Amelia divides time between quaffing as much green tea as humanly possibly, promoting a small publishing haus cum bookshop and herding cats writers at Silence Cupcake. Follow these exploits on twitter!
We're told, or someone said once, that people don't like to be sold things. This is a barefaced lie. People want to buy things, so long as it's what they're looking for. When it comes to Twitter, people expect conversation. So how can you make your sales-based stream engaging?
Who Follows You? Who Do you Follow?
Does your current Twitter following match your ideal customer base? Are you following potential clients? Did you set up an auto-follow app (based on keyword, or location) and now find yourself following all the members of the local cycling club when you specialise in personalised china cat sculptures?
Having a high follower count means nothing if they're unlikely to ever be interested in what you have to say, or sell.
When I started out tweeting for my bookshop cum publishing house, I followed every London-based person who followed the London Review of Books. They were already interested in books, and they lived in the area. I say 'everyone' but that would have taken hours. Every afternoon, for a week, I spent an hour finding people to follow on Twitter, who were following accounts with similar interests to ours. Book review magazines. AmnestyUK. Larger bookshops. This takes some personal legwork, but these people will turn out to be your champions.
Why should they Follow you back though?
The first thing your followees will do is click through to your stream. If all they see is “buy, buy, buy”, it's unlikely they'll click that all-important follow button.
Nowadays, we're used to content-based marketing. You've probably seen it with bloggers who write about their daily doings, inspirations, interviews, and then BAM, they've got a book coming out and it's a bestseller, before it's even published. How can you emulate this with your Twitter stream?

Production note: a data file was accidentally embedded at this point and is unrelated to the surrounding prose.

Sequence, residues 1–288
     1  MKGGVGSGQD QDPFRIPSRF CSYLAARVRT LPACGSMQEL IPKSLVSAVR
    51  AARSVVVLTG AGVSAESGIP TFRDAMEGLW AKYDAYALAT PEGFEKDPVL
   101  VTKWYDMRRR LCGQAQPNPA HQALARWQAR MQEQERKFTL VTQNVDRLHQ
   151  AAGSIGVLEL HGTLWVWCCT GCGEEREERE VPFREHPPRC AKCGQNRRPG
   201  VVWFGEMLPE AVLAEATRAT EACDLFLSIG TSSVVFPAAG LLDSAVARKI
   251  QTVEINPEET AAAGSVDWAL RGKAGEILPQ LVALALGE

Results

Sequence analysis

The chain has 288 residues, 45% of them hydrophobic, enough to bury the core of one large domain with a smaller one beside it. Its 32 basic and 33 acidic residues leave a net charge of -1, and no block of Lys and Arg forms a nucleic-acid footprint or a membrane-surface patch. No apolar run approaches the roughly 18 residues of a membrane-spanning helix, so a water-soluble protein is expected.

Tweet opinions, facts, tips, feelings.
Are you facing a busy day? Let your Twitter stream know. Excited about getting thirteen boxes of buttons packed and shipped? Tell them how you got it done. Trying a new carving technique? Enlighten us. When people feel as if they're gaining something, information or entertainment, they're more likely to want to hear from you. Don't have time to tweet constantly? Take a few minutes in the morning and use an app like HootSuite or Twuffer to schedule tweets throughout the day.
This can turn one-sided though, so engage! Converse with people who don't follow you yet. Let them know why you want to Follow them (“Your opinions about how cats are better than dogs blow me away!”). Thank everyone who follows – that's just polite.
We got a great response when I asked new followers if they planned to come to any of our upcoming events. People asked when they were, they RSVPd via Twitter. Do you have anything your potential followers can immediately engage with?
Ask them if you'll see them at the next Trade Fair, how they got reviewed in China Cats Monthly, what they're doing about the postage price hike. Debate with that china dogs boutique two streets over about which is better, cats or dogs. Encourage your followers to pitch in. Turn it into a hashtag party! Offer a free piece of cat china to whoever comes up with the best reason that cats are better than dogs. People want to feel a part of something, not just a coin-purse to be marketed at.
All of this sounds like a lot of hard work, and starting up will take some time and effort.
Eventually, fresh faces will start Following you, Tweeters will start to recommend your stream, you'll be touted as one-to-follow. And your Followers will be so, terribly, grateful when you tweet that picture of the latest cat figurine (only $59.99!), on display in the window, and ask them to name it.
Sarah Von is a Vianza contributing columnist and interview wrangler. If you follow her on Twitter, you’ll be privy to all sort of tweets about small business, good ideas and, um, cheese.